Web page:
December 23: PM Abdallah Hamdok says he is ‘deeply frustrated’ by Sudan’s political crisis, and considers submitting his resignation. The international community condemns the rapes by security forces during the December 19 March of Millions in Khartoum. According to the Sudanese Journalists Network, December 19 witnessed the highest rate of violence in one day for journalists and media professionals.
December 25: Sudan protestors again face tear gas, stun grenades.
December 26: One dead as newly transferred North Darfur UNAMID base is looted. The acting head of the National Umma Party (NUP), Maj Gen Fadul Burma, meets with El Burhan and presents a road map for a way out of political impasse in the country.
December 27: Sudan’s inflation rate continues to decline, food insecurity however increases. The Central Committee of Sudan Doctors reports that at least 235 demonstrators were injured on December 25. El Tijani Sese, former head of the Darfur Regional Authority, launches the National Movement Forces alliance in Khartoum.
December 28: Security forces embark on a detention campaign in Khartoum and other states, after Gen El Burhan has given the General Intelligence Service (GIS) the authority to detain people again. A warehouse of the UN World Food Programme (WFP) in El Fasher, capital of North Darfur, is plundered.
December 29: The Darfur Bar Association reports that it has received 30 complaints of sexual harassment, including 16 complaints of rape, allegedly perpetrated by security forces in Khartoum on December 25. A prominent Sudanese lawyer tells Radio Dabanga that the Sovereignty Council has no right to call for general elections. He welcomed the position papers on a way out for the current political crisis presented by the two FFC factions as well as the Umma Party roadmap.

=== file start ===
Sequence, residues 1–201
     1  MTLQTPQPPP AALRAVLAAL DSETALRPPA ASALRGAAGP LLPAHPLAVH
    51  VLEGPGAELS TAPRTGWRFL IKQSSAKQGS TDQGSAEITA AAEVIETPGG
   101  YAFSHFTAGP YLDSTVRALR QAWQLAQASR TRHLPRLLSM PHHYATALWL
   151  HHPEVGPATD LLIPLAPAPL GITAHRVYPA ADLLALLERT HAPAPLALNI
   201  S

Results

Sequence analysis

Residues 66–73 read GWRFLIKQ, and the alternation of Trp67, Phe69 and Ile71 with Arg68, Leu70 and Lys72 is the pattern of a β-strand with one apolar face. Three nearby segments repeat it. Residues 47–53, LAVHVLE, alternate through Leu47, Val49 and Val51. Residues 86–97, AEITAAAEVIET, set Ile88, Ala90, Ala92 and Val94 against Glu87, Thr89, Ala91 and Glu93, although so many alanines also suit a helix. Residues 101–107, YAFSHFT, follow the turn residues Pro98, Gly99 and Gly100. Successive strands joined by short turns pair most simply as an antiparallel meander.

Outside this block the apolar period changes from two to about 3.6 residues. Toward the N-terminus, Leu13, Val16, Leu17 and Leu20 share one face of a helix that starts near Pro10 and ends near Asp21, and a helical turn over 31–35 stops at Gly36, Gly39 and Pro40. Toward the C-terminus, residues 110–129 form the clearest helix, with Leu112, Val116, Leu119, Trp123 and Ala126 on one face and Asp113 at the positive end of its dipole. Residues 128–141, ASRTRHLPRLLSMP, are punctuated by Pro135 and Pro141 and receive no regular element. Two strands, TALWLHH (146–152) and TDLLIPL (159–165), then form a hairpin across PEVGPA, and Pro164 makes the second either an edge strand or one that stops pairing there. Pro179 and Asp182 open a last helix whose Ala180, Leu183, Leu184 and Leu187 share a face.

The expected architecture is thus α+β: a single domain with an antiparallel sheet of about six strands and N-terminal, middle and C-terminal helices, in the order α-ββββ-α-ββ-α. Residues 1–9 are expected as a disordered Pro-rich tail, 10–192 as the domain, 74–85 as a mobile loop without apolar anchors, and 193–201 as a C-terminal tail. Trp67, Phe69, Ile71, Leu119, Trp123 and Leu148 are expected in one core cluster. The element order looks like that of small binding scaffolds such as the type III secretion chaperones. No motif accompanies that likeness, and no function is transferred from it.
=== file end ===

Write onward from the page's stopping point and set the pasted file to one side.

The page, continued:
December 30: Government forces fire live ammunition and tear gas on demonstrators in Khartoum, killing five.
December 31: The UN World Food Programme (WFP) suspends operations across North Darfur, following the looting of three of its warehouses in the state capital El Fasher.
* The full name is the Committee for Dismantling the June 30 1989 Regime, Removal of Empowerment and Corruption, and Recovering Public Funds. It was established by the government of Abdallah Hamdok in November 2019 with the aim to purge Sudan of the remnants of the ousted regime of dictator Omar Al Bashir (1989-2019). Empowerment (tamkin) is the term with which the Al Bashir government supported its affiliates by granting them far-going privileges, including government functions, the setting-up of various companies, and tax exemptions.
** A nazir is a state-appointed administrative chief of a tribe or clan, according to the Native Administration system in Sudan introduced by the British colonial authorities in the first quarter of the 20th century.